More Than Meat


One of the hardest tasks a person can do is to consciously reflect upon their own actions, attitudes or character. To really hold a mirror up to yourself and deconstruct something you've said or done and how it might affect another person. Now, if it’s difficult enough for a single person, imagine how much harder it is for a community. 

Enter MOGA, an up and coming fashion label making noise for its bold and striking headscarves and shawls for women. Sick of reading some of the misogynistic and derogatory comments online directed at the models fashioning their scarves, MOGA is making its boldest statement yet. Creating a turban made entirely out of raw meat, the brand is challenging you to look past the obvious and see the human being that is right in front of you. 

After noticing that many of these negative comments weren’t particularly constructive, as they had little to do with MOGA’s product, and everything to do with the girl’s physical appearance, ethnicities and facial features, it became clear that there was a bigger issue at play here. One comment, in particular, referring to one of the models as ‘dark meat,’ a chilling reminder that racism and misogyny are alive and well today.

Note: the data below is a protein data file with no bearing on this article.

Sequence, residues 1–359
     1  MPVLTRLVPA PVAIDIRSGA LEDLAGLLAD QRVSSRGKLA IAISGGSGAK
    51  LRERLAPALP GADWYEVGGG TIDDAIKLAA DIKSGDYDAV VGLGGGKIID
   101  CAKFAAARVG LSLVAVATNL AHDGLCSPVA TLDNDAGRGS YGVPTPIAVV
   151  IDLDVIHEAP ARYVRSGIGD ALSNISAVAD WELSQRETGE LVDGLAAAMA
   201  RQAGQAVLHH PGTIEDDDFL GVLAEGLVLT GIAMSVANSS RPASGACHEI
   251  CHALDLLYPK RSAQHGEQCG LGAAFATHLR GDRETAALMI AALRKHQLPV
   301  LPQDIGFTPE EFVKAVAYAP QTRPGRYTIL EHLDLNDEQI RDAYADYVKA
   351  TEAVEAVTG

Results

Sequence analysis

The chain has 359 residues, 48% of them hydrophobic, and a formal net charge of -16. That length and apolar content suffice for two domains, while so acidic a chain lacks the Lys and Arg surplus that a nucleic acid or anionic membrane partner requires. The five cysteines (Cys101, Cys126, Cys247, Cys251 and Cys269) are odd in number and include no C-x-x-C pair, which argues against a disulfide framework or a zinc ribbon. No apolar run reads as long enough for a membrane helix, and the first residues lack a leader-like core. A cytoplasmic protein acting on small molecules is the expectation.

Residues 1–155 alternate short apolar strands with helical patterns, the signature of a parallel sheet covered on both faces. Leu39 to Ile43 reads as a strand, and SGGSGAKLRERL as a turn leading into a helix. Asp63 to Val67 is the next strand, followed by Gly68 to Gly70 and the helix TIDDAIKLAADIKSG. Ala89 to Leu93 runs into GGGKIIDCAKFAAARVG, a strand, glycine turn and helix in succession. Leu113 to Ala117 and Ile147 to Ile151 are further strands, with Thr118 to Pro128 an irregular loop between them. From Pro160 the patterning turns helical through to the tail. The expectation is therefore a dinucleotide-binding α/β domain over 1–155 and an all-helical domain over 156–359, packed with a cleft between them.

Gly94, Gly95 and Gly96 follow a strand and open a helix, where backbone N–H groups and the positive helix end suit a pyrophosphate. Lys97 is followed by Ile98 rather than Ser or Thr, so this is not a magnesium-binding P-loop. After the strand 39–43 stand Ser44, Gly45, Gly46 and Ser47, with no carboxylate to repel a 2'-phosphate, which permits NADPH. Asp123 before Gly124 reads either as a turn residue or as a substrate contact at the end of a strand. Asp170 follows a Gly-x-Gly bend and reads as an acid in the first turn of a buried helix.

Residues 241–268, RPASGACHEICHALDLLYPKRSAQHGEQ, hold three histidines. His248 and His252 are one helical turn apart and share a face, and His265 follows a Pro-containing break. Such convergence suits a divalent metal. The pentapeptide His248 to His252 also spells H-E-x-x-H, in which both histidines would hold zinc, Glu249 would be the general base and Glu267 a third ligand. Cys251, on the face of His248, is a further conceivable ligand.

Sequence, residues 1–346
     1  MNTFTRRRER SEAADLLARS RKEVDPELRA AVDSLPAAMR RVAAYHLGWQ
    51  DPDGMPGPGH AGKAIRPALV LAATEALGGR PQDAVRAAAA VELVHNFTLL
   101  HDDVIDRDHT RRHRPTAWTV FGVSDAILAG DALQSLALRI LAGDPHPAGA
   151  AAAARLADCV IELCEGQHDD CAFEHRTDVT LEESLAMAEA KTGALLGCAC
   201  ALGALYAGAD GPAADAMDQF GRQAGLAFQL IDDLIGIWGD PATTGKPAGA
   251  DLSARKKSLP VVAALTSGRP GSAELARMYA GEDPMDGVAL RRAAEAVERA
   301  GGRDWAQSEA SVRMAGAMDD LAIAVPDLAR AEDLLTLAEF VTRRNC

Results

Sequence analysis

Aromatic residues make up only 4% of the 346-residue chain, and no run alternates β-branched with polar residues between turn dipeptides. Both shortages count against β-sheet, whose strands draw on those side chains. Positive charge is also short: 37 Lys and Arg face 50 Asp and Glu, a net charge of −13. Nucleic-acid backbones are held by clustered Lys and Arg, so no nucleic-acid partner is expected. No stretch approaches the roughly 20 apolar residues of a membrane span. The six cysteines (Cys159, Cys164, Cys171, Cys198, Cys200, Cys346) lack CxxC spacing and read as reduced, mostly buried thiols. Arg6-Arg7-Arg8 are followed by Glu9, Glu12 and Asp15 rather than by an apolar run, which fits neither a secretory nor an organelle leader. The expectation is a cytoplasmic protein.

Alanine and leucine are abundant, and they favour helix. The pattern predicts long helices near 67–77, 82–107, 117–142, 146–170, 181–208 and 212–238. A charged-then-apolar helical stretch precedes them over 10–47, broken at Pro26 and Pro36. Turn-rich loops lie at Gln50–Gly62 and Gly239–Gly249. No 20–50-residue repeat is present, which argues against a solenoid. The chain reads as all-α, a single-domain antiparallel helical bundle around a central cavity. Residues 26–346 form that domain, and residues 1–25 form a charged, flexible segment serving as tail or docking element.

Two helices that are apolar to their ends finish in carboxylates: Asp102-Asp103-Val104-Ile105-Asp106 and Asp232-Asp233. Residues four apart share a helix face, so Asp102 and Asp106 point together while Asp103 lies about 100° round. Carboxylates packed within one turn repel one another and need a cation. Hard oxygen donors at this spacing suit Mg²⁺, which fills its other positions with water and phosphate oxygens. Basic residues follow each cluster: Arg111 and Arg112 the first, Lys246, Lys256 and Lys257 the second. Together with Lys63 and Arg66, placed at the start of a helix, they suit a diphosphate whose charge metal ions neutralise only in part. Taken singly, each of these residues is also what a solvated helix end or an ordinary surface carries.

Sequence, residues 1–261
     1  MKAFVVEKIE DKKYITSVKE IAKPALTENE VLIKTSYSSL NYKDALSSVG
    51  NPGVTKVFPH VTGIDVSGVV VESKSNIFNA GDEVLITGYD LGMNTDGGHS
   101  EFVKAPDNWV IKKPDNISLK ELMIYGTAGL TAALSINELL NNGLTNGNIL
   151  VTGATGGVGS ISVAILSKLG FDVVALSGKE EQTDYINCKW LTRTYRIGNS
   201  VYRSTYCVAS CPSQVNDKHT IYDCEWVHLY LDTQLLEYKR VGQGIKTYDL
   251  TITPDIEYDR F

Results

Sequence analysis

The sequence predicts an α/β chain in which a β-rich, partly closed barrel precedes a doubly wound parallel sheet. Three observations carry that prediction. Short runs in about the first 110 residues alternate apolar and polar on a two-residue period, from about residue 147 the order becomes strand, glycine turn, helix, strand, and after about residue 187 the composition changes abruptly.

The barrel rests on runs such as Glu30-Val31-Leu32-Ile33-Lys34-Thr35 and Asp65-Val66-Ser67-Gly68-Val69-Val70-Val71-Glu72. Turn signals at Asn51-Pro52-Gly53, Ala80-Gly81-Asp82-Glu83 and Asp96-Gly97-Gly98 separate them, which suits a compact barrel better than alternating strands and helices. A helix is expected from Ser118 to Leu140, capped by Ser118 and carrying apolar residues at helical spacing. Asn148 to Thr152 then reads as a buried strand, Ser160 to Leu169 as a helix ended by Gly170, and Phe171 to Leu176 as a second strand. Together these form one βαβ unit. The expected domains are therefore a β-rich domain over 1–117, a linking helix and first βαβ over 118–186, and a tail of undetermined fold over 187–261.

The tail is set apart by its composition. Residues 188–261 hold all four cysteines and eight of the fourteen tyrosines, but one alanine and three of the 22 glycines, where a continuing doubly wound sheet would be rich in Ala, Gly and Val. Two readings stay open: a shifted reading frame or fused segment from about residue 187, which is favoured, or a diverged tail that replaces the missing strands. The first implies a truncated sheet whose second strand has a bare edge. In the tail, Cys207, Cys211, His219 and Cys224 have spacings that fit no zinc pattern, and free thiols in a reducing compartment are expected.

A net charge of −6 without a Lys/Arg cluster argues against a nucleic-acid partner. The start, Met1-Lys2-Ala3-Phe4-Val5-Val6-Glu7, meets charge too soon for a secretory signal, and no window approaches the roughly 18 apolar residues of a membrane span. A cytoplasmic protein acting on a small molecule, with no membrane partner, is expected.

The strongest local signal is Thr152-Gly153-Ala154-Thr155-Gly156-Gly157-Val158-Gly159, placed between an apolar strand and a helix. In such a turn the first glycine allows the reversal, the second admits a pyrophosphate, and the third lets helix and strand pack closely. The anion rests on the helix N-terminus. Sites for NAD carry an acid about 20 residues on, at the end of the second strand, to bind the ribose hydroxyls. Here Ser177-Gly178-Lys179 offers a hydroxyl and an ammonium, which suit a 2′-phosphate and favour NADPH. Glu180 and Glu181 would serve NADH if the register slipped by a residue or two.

Online objectification is so grossly skewed against women to the point where it’s almost mind-boggling that there’s a real person making such comments. In an age where trolling has become fairly entrenched and mostly tolerated, it’s easy to forget that the comments made have very real effects on very real people. 

Whilst these images might be confronting to some, their purpose isn’t to shock, but to provoke a discussion. One that reminds people that women are not flesh and bones that can be torn apart like a piece of meat, but are real people with real emotions and how they look and what they wear is not an invitation for disrespect. 

To fix the problem isn’t to ignore these comments and these people. By doing so, we are simply playing into an online culture that has made it acceptable to tear down people’s appearances and identity for a selfish agenda. We’re trying to challenge this behaviour and hold the proverbial mirror up to these people by asking a simple question. If you wouldn’t say it to someone’s face, then why say it all? 

Creative Director: Azahn Munas
Model: Keisha Foenander
Photographer: Michaela Barca
Designer: Brigid Green
Makeup Artist: Ricky Bauer
Words: Eddie Goldsmith

Instagram: @mogafashion

The Collective